Things like that.

        16. avatar MarkPA says:

          I agree with you entirely.

          I see no chance for an amendment to the Constitution weakening the guarantee on the RKBA. (Sorry that I misconstrued that that was your proposal.)

          Instead, I see (as our founders warned) that the Constitution is merely a parchment barrier. Unless a super-majority of voters are willing to support a provision it will be disregarded.

          Accordingly, it is far more important for us to promote the desirability of civilian arms then to recite the 2A. I have come to see the reasoning of utility and constitutionality as circular. Because the founding generation recognized the utility of an armed citizenry they wrote the 2A into the Constitution. The 2A reminds us of the utility they recognized. The reasoning hasn’t changes; nor have the circumstances changed. Social utility survives and so the 2A’s guarantee survives.

        17. avatar lasttoknow says:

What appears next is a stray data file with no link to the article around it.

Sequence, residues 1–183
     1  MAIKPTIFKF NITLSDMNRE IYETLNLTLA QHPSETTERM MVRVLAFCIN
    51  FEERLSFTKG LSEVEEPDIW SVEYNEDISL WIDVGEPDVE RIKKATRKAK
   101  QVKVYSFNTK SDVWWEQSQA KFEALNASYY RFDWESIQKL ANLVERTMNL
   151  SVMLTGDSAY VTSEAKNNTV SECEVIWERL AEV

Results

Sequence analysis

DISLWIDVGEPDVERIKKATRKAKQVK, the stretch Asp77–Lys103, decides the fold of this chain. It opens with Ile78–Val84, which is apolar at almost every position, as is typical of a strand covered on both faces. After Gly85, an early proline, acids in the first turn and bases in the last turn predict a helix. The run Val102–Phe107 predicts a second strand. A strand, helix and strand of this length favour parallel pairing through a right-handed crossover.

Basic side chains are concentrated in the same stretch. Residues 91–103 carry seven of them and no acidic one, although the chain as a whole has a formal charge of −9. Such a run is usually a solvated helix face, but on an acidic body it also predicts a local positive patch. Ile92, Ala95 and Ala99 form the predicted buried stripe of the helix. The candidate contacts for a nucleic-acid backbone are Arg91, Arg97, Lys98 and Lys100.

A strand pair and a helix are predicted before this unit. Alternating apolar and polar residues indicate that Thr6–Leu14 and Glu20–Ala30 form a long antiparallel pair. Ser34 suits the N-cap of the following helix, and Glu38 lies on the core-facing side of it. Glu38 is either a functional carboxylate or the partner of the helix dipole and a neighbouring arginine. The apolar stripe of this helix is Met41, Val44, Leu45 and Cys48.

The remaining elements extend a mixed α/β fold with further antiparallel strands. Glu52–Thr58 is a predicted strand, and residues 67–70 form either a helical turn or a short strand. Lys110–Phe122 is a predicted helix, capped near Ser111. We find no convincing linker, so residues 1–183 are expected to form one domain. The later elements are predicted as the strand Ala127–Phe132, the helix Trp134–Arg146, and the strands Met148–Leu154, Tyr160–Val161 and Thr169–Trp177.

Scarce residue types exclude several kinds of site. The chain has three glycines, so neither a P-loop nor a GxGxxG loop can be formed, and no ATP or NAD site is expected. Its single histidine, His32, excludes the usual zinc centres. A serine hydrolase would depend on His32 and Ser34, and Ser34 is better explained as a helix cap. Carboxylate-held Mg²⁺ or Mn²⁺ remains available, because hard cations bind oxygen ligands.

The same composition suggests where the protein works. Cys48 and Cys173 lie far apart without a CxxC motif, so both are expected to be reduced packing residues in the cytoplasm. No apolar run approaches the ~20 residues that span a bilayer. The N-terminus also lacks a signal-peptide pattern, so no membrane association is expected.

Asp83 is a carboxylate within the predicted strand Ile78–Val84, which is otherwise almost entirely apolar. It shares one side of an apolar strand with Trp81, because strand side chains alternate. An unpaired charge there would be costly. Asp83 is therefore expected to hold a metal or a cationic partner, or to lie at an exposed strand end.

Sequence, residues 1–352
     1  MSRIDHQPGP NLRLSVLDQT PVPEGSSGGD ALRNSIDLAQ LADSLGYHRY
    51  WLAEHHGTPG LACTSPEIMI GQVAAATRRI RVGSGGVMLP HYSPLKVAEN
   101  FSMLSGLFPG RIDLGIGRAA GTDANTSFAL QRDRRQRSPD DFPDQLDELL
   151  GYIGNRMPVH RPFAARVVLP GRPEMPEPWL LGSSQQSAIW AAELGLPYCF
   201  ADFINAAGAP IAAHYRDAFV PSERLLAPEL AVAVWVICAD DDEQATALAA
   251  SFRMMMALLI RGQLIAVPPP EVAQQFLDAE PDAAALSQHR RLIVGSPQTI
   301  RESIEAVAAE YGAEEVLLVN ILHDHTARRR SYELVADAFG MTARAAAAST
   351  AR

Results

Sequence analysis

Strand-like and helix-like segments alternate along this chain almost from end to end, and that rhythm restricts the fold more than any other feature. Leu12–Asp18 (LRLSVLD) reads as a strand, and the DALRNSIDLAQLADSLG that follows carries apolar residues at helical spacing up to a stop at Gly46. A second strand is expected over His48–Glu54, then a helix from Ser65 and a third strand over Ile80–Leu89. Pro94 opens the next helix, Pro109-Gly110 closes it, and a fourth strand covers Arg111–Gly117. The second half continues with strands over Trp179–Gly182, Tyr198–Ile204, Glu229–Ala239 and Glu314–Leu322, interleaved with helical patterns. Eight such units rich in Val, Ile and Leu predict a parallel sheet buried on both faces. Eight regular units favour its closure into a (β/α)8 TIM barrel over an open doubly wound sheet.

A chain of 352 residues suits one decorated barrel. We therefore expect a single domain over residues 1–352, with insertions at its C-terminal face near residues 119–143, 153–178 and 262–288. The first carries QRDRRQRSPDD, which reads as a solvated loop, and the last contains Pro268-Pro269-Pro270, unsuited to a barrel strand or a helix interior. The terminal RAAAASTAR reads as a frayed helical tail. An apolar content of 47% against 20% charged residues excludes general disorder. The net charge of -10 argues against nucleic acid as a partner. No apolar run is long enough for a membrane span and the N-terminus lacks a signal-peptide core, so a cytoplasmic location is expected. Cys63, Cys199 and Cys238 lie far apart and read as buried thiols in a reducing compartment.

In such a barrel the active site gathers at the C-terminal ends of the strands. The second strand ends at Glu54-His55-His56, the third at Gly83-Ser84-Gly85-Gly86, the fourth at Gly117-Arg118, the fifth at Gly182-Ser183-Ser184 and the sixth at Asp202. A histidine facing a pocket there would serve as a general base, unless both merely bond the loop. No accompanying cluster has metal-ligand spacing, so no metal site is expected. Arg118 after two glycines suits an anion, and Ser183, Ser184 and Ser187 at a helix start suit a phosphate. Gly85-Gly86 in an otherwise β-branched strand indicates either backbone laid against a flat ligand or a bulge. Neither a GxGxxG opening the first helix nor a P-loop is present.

I shy away from even thinking about “utility”. The vast majority of the populace (including illegal aliens) cannot follow or understand your use of “utility” , and the concepts you note. To the public, “utility” means either the electric/water/gas company, or “usefulness” in reaching an outcome. Thus, there is no “utility”/usefulness in private gun ownership because we no longer NEED to hunt our food, and we have no NEED to worry about a tyrannical government, and we have no NEED for weapons that can be used against our protectors (police and military). We can’t win that argument. Self-defense is something almost everyone can grasp (whether for or against). That is what it has come down to, a single contemporary use for firearms. Unfortunately, it is difficult to find a positive emotional response supporting self-defense (delusion of the left is a mental disorder, and you can’t reason or implement logic with a crazy person).